Two pageants crown agricultural queens, advocates | TheFencePost.com
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Two pageants crown agricultural queens, advocates

Holly Jessen
for The Fence Post
Kelly Sloan, the 2020 Colorado Junior Miss United States Agriculture, crowns Adalyn Marcus 2021 Colorado Future Little Miss United States Agriculture at the first annual pageant held in Colorado.
Photo by Photography by Jaylynn

Miss Agriculture USA and Miss United States Agriculture, two pageant organizations that started in the eastern states, are gaining interest and participation across the Midwest and western states.

“They are very similar, they both promote agriculture and everything agriculture,” said Beverly Figge, the mother of Kady Figge, the 2021 Kansas Miss Agriculture USA, and Chelsey Figge, the 2021 Kansas Ms. Agriculture USA. The Onaga, Kan., resident said one of her daughters participated first in Miss United States Agriculture, before becoming involved with Miss Agriculture USA.

This year, for the first time, an in-person Miss United States Agriculture pageant was held in Colorado, said Vickie Ingram, Colorado state director for that organization. The pageant was held Aug. 15 in Pueblo, Colo.

Although both organizations are gaining popularity across the United States, not every state has a pageant. In some states, participants go through an application process and are appointed as queens. Sometimes, several states work together to hold one combined state pageant. The winners at both organizations, whether appointed or awarded at an in-person pageant, go on to represent their state at the national competition the following year.

The two pageants have slightly different age requirements. Miss United States Agriculture has multiple divisions, starting with Tiny Miss, age infant to 3 years old, all the way to Ms., Mrs. and Elite divisions, ages 22 to 35. Miss Agriculture USA, on the other hand, starts with the Tiny Division, ages 2 to 3 years old, and goes up to the Ms. and Mrs. divisions, ages 21 to 30 years old, and the Elite Division, 31 years old and up.

MISS UNITED STATES AG

This organization got its start in Alabama in 2014, Ingram said. It has been slowly spreading westward and the goal would be to eventually have a pageant in every state. “We’ve had a lot of girls show interest,” she said.

Ingram got involved with the pageant after her daughter Kelly Sloan was appointed the 2020 Colorado Junior Miss United States Agriculture last year. Her platform was the importance of schools continuing to offer agriculture classes, Ingram said. In Pueblo, where they live, only one high school and middle school offer FFA classes through the National FFA Organization. After she became a queen, Ingram said her daughter participated in various activities, advocating for agriculture. Then, this spring, she went to the 2020 National Miss United States Agriculture pageant. That was a very positive experience for her daughter and she could tell a difference in her afterward. Her daughter is more likely to walk up to new people and introduce herself now. “She made a lot of friends and she gained self confidence,” Ingram said.

The experience was a lot of fun too. “The girls become like a big family,” she said, adding that they call each other “sisters in sash.”

MISS AG USA

The newer of the two organizations, Miss Agriculture USA, started up in 2018, said Ashley Clyncke, who was appointed the 2021 Colorado Ms. Agriculture USA this year and hopes to go to the national competition next year. “Since it is just getting started not many people know about it but I think it’s going to blow up,” she said.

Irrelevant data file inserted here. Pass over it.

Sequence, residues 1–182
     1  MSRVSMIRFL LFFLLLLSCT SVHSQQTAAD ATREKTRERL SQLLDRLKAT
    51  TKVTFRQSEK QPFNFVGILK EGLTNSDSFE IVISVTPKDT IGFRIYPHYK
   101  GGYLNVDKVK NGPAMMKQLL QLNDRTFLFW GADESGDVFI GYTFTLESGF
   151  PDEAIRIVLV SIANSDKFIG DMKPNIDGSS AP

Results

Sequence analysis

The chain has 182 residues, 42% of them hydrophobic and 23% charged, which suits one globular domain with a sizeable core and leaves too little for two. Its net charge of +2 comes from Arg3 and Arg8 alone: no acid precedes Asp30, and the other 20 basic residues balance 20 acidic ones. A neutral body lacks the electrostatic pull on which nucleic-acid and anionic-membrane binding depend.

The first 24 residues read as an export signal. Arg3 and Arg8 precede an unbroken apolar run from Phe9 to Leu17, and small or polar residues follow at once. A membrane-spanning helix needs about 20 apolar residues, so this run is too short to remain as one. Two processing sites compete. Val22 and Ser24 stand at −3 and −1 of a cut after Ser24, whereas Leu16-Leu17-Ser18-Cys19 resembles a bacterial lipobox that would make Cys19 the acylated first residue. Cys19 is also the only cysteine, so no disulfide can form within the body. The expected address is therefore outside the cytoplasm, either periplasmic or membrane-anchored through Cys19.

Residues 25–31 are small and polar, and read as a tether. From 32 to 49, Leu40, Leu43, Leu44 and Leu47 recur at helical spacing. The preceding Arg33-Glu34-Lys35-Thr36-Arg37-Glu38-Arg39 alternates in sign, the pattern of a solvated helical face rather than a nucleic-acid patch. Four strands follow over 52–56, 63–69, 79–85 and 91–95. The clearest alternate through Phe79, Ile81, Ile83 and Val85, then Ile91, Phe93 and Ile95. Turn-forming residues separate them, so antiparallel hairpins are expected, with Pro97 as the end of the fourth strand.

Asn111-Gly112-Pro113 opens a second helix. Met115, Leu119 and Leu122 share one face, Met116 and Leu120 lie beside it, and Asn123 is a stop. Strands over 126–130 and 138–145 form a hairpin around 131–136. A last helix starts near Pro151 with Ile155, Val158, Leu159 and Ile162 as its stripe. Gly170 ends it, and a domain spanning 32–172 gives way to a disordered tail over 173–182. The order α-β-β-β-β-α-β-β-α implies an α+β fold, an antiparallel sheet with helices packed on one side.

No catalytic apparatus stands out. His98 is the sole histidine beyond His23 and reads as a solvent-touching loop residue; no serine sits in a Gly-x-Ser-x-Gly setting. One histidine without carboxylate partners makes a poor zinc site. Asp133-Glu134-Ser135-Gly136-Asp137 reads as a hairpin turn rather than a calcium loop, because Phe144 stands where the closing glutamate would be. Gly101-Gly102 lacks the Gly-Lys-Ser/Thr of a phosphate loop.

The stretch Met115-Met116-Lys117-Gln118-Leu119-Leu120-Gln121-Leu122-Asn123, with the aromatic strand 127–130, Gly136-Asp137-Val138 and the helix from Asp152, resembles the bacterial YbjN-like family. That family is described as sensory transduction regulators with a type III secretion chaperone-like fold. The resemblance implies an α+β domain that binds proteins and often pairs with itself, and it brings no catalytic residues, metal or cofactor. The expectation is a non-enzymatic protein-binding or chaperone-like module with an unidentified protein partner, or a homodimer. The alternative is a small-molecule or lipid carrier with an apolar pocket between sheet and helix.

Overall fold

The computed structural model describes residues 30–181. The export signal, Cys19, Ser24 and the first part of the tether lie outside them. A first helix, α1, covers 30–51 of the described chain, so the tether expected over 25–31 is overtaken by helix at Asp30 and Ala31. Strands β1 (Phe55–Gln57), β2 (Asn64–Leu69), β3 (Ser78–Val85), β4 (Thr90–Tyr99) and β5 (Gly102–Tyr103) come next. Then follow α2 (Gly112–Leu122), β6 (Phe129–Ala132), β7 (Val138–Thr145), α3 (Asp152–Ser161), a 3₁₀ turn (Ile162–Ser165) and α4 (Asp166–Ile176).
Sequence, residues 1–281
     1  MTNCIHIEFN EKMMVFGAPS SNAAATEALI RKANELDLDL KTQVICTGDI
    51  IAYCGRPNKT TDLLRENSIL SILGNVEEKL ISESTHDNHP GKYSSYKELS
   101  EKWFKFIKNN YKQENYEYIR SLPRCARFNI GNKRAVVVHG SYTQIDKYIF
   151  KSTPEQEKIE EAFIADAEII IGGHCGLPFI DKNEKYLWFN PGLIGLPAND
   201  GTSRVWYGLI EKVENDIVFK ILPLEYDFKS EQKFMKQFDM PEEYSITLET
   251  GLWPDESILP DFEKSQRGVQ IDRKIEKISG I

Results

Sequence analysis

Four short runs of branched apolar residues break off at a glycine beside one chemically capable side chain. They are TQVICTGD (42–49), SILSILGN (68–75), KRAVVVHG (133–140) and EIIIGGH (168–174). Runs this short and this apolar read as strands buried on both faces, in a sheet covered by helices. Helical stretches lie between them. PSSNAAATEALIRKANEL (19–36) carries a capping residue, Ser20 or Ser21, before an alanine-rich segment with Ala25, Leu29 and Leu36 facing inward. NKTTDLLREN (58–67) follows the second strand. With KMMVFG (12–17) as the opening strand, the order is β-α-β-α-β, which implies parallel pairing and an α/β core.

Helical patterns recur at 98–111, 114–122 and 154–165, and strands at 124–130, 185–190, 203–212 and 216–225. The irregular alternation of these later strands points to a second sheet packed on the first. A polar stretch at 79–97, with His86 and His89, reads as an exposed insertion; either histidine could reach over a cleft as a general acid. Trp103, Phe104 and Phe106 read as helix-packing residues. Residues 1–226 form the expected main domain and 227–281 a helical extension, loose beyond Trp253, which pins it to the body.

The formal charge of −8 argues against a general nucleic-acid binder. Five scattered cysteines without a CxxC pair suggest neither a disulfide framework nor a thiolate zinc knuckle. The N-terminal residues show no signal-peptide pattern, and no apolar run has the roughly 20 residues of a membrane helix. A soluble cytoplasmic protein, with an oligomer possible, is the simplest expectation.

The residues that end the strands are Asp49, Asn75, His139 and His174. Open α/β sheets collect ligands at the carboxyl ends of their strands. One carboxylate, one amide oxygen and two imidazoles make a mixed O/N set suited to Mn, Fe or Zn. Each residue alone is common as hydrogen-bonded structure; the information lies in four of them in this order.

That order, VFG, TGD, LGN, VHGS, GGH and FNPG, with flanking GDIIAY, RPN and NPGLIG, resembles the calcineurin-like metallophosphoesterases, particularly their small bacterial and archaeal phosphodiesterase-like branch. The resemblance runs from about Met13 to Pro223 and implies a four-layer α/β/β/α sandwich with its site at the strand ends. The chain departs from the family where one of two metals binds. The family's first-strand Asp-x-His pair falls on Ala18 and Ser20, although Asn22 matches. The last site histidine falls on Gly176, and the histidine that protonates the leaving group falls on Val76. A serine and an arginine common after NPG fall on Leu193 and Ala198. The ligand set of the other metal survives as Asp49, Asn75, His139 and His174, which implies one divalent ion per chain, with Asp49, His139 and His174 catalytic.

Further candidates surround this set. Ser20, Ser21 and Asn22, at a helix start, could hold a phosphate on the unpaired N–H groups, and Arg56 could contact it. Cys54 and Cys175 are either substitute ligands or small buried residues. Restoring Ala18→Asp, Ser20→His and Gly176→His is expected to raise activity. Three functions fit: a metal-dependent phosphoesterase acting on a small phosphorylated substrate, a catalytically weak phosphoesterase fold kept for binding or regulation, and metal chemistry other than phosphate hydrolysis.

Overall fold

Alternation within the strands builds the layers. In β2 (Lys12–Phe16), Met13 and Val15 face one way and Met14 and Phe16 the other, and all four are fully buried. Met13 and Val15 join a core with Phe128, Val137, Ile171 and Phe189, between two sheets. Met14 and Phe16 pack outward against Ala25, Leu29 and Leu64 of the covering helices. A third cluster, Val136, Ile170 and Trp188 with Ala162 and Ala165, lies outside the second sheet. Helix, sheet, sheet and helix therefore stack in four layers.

Clynke was born in Sterling, Colo., but moved to Pine Bluff, Wyo., after her family sold their farm in Colorado. She has an associates degree in nursing but currently works at Tim Anderson Farms in Albin, Wyo. “Farming just keeps calling me back,” she said, adding that she’s a fifth-generation farmer. “As soon as I could touch the clutch I was driving a tractor.”

Clynke spoke to The Fence Post while on a tractor and then, later, operating a sprayer, on the farm, which grows crops such as certified wheat seed, barley, oats, hay, millet, corn and more. “This year we’re trying hemp,” she said.

There are two things she loves about being a Colorado Ms. Agriculture USA. The first is meeting new people that love the same kinds of things she does. She also loves being an “AGvokate for Agriculture,” as Miss Agriculture USA puts it at their website. “They’re not in it for the beauty, they are in it for the knowledge of agriculture,” Clyncke said.

Beverly Figge also talked about the importance of advocating for agriculture, at a time when there’s so much negative said about it. As a queen, her daughter Kady was able to help out at the Pottawatomie County Fair, bringing awareness to the connection to ag.

Her other daughter Chelsey teaches agriculture education and is an FFA advisor at Russell High School in Russel, Kan. As part of her duties as queen, she helped out at a pumpkin patch, talking with visitors about other uses for pumpkins, such as livestock feed or canned pumpkin pie, something not all people think about when they pick out a pumpkin for Halloween. “I think it is a very positive experience for my girls and any girl in general,” she said.

Beverly clarified that queens do not have to have grown up on a farm to be part of Miss Agriculture USA. “As long as you are able to advocate for agriculture, you can participate,” she said. ❖

— Jessen is a freelance writer living in Minnesota with her nurse husband and daughter. They recently settled down after more than three years living a travel lifestyle, thanks to her husband’s travel nurse job. She can be reached at hollyjessenmedia@gmail.com.


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